Stephen Cummings, Professor of Strategic Management and Head of Victoria Management School at Victoria University, along with Associate Professor Torkild Thanem and Sara Värlander (both from Stockholm University) investigated the effect on open office designs on employee behaviour.
“The intent of taking away dividing walls and doors is usually to improve creativity and performance by fostering spontaneous fun, interaction and sharing,” says Professor Cummings.
“However, we found evidence that it can lead to attempts by employees to re-create spatial and social structures and boundaries, actually undermining the behaviours an organisation is trying to encourage.”
Professor Cummings says that because open office designs make their inhabitants visible to colleagues and managers, many people feel ‘watched’, less relaxed and on edge.
One of the companies the researchers observed had recently changed its office design from small individual offices to an open office layout. While interviews with staff suggested the feeling of belonging to a team was strengthened by seeing each other every day, many began openly monitoring the arrival and departure times and breaks of their colleagues.
“An interesting flow-on effect was that the number of sick days among employees decreased significantly after the re-design.
“This could indicate either that employees were more satisfied with the new arrangement or that employees were more aware of being ‘under surveillance’ by their peers.”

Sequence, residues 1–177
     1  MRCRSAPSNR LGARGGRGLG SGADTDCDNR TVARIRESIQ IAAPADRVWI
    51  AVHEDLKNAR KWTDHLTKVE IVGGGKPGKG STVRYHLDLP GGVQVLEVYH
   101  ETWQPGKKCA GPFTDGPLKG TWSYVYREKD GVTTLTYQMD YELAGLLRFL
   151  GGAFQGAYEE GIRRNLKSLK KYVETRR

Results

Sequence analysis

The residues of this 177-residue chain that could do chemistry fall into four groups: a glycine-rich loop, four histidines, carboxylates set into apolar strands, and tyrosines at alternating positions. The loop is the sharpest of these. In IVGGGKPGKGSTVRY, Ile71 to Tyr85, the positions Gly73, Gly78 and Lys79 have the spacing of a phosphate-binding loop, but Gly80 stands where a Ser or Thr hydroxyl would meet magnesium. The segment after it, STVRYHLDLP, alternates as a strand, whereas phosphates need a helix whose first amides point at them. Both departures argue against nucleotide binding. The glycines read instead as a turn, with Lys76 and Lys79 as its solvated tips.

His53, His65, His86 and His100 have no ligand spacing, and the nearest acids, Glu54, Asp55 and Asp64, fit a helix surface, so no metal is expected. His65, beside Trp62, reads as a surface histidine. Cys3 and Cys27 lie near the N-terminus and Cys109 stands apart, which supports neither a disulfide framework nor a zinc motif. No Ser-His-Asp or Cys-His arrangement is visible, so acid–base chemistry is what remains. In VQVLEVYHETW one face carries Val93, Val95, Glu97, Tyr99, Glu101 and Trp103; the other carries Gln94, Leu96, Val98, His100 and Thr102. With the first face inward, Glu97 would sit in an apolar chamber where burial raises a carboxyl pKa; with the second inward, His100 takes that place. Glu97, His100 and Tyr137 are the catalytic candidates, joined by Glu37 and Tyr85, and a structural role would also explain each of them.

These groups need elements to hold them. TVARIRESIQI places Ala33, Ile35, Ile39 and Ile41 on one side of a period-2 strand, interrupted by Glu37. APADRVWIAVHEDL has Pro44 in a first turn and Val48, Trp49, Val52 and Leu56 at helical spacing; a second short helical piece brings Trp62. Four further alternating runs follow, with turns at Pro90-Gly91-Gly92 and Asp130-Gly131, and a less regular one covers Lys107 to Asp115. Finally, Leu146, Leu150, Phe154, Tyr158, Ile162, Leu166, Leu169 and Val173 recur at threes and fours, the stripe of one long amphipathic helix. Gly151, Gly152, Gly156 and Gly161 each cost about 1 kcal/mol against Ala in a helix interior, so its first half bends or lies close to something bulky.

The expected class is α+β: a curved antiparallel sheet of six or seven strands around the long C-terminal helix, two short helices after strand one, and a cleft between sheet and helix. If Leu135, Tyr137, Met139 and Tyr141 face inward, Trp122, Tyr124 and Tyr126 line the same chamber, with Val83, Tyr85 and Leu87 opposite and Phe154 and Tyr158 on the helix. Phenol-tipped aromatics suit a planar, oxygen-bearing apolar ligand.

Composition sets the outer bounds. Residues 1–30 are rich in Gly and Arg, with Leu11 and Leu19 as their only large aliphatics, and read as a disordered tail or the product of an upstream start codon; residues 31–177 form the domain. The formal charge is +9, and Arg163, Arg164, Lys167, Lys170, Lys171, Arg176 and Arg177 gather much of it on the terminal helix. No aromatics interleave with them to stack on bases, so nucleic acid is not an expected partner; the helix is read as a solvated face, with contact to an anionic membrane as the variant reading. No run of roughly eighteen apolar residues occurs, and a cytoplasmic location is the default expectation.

Although spontaneous interaction was made easier by the open design, loud discussions were disturbing to others. Some employees mentioned the lack of privacy led them to adopt a more rigid identity at work, feeling the design left less room for their private selves and innovation.
Another company that the researchers analysed promoted itself as a ‘fun place to work, with a fantastic team atmosphere’. Rooms were large and open, and ‘hot-desking’ (moving between different workspaces) was encouraged. There were also a number of themed activity rooms for employees to socialise in.
“Although hot-desking was promoted in principle, most teams marked out their territory with posters, slogans and personal items, even moving furniture to create their own personalised space, which seemed to put other teams off moving into that space,” says Professor Cummings.
“Employees also tended to use the activity rooms in their established team groups at separate times rather than mingling with other teams.”
Professor Cummings says the effect was to foster a competitive and performance-oriented team culture, but some employees claimed this approach made the organisation more fragmented than other organisations they’d worked for.
“It’s clear that employers need to think carefully before changing the layout of an office—simply taking down walls and telling employees to ‘relax and have fun’ is not the same as fostering creativity. A mixed layout of open and private spaces that enables people to determine the environment that suits them and their particular purposes will likely be more effective.”